The common belief that early treatment prevents chronicity was examined critically by Dr James Campbell, a consultant in musculoskeletal medicine in Edinburgh. Many of the statistics, he said, are clinically irrelevant because of the use of inappropriate outcome measures. In true Scottish tradition, he concluded that the case is ‘not proven’. Following him, Dr Roderic MacDonald questioned the evidence used to decry bed rest. He showed that much of this has been misquoted or misinterpreted; indeed the very papers cited against bed rest show that a few days' rest do improve the rate of recovery.

Dr Keith Bush, a musculoskeletal physician in London, outlined the indications for the use of epidurals (and selective root blocks) for those with nerve root symptoms and signs. The evidence shows that the procedure, properly performed (particularly by the caudal route), is safe; it can produce early and often long-lasting relief of pain, though occasionally repeat injections are needed.

The physiotherapist's approach was given by Dr Jennifer Klaber Moffett, reader in rehabilitation at Hull University. She cited evidence from randomized controlled trials to show the clinical effectiveness of ‘back schools’. One of the most important aspects is to help patients overcome their often ill-founded fears—particularly the fear of movement, when movement is painful. She stressed the need for a proper rehabilitation programme, involving graduated exercises together with cognitive behavioural techniques for those with chronic pain and ‘disability’. Dr Loic Burn, consultant in musculoskeletal medicine, stated that there is now good evidence for the efficacy of manipulation, particularly in the acute episode. In consequence, manipulation is now included in guidelines in New Zealand, the USA and the UK; and a knowledge of manipulation is a requirement in the training of specialist registrars in rheumatology.

The final speaker was Professor Mansel Aylward, chief medical officer and medical director of the new Department of Work and Pensions (formerly Social Security). He reminded us of the enormous scale of the problem—2.3 million people out of work on benefit, 1.5 million on incapacity benefit, costing £7 billion per annum. Of those on incapacity benefit, 33% have mental and behavioural disorders (sometimes stress related) and 21% have musculoskeletal complaints. He reminded us that 80% of those on incapacity benefit (off work for more than 26 weeks) do not work again within 5 years. Thus, his new department is stressing the need for welfare reform to enable people to remain at work or to return to work early; so there is a need for enhanced rehabilitation facilities and occupational medical services. But he warned that the Treasury needs to be convinced that any money going to such schemes is well spent. Thus, the meeting closed with his throwing down the gauntlet to practitioners in the field: ‘give us the evidence’.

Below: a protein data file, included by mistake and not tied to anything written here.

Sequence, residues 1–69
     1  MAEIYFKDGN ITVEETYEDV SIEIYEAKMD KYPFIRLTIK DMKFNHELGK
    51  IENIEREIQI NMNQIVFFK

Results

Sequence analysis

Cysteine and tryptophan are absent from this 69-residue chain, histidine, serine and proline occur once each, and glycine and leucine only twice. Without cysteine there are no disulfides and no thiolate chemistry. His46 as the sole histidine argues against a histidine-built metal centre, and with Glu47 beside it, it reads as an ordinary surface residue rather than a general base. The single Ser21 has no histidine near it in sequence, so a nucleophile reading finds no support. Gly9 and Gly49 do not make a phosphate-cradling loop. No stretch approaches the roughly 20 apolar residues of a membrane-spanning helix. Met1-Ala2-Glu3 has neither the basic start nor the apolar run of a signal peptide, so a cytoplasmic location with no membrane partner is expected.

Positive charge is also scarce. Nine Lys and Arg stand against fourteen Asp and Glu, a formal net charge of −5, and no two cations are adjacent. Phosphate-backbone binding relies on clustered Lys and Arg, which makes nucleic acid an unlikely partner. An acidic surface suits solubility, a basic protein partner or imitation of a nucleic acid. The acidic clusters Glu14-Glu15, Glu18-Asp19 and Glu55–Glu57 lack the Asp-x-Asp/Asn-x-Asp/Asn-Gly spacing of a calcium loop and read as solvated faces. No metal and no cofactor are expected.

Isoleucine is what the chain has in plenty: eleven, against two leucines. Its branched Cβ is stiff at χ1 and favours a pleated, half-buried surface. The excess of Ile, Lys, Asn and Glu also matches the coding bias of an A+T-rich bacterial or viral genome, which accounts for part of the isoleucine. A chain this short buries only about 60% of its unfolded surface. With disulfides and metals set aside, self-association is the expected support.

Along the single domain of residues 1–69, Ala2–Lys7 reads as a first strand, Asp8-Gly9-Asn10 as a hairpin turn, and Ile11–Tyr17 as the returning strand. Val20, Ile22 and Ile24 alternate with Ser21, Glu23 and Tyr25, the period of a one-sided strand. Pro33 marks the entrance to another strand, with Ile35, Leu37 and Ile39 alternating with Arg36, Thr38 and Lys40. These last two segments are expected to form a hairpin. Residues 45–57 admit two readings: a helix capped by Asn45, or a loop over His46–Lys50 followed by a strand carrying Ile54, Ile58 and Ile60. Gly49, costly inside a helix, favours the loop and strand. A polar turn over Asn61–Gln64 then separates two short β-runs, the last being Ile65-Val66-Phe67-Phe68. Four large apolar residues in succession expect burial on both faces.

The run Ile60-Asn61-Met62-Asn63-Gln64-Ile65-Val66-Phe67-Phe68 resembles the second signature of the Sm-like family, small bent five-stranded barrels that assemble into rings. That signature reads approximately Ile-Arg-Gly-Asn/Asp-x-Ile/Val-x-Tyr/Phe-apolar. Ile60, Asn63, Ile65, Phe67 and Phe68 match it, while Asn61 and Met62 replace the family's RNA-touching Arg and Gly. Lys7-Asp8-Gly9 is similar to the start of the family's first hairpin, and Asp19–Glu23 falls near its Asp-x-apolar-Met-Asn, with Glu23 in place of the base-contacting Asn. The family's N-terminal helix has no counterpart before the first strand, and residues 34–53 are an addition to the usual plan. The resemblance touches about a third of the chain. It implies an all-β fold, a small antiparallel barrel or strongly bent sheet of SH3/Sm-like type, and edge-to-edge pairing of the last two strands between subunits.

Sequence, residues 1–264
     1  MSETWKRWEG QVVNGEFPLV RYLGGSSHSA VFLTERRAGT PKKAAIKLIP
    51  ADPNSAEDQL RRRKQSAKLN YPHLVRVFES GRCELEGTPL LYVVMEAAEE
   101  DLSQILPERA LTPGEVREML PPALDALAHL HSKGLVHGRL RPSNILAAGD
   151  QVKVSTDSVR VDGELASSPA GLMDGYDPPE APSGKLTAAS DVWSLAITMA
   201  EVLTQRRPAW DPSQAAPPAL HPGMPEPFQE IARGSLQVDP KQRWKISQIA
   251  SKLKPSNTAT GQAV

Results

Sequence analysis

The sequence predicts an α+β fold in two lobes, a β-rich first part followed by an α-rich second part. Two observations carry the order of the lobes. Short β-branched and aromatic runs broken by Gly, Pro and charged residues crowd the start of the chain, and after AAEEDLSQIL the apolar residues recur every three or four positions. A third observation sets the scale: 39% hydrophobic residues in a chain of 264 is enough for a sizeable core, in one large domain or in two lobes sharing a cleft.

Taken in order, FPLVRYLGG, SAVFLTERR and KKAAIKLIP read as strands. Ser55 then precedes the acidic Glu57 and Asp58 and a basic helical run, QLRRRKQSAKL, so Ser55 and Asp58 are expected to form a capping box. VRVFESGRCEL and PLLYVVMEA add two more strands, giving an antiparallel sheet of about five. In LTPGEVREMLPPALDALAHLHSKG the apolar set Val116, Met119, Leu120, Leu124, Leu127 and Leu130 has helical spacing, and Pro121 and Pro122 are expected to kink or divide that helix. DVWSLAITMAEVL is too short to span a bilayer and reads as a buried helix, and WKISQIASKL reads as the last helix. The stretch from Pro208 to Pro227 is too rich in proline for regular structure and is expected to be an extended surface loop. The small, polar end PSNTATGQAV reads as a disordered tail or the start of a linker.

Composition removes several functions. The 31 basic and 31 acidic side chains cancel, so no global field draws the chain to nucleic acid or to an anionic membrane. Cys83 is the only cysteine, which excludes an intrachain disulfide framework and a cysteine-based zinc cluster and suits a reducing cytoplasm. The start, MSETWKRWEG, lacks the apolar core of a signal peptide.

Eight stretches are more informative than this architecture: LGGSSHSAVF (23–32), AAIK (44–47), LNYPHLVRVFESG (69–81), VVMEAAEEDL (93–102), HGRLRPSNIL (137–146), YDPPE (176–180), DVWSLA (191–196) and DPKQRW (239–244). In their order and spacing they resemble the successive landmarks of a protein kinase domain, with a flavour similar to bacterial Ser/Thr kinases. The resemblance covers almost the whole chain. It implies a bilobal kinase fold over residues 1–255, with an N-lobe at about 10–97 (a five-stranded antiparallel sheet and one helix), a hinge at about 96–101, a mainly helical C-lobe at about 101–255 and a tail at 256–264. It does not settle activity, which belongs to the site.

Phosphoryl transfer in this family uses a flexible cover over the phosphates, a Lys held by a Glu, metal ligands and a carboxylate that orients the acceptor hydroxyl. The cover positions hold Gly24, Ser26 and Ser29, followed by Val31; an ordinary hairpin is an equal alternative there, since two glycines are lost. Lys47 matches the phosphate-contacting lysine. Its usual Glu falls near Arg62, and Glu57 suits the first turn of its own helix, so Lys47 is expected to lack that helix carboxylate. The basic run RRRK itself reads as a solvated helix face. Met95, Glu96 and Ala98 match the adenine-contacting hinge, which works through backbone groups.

No formal conclusions were reached and no resolutions were passed at this meeting; but clearly a lot has happened since the CSAG Report in 1994. People are addressing the issue in a positive manner with new approaches. Did the meeting answer the question posed? Not directly. However, there seemed to be a consensus that early treatment should be our aim—which means treatment in primary care or in the workplace. We need to provide more good evidence (with relevant outcome measures) that treatments are both clinically and cost effective. It is the responsibility of all those who deal with back pain, across the disciplines, to ensure that patients do not endure prolonged suffering of the kind that will turn them into a ‘chronic back case’.

Articles from Journal of the Royal Society of Medicine are provided here courtesy of Royal Society of Medicine Press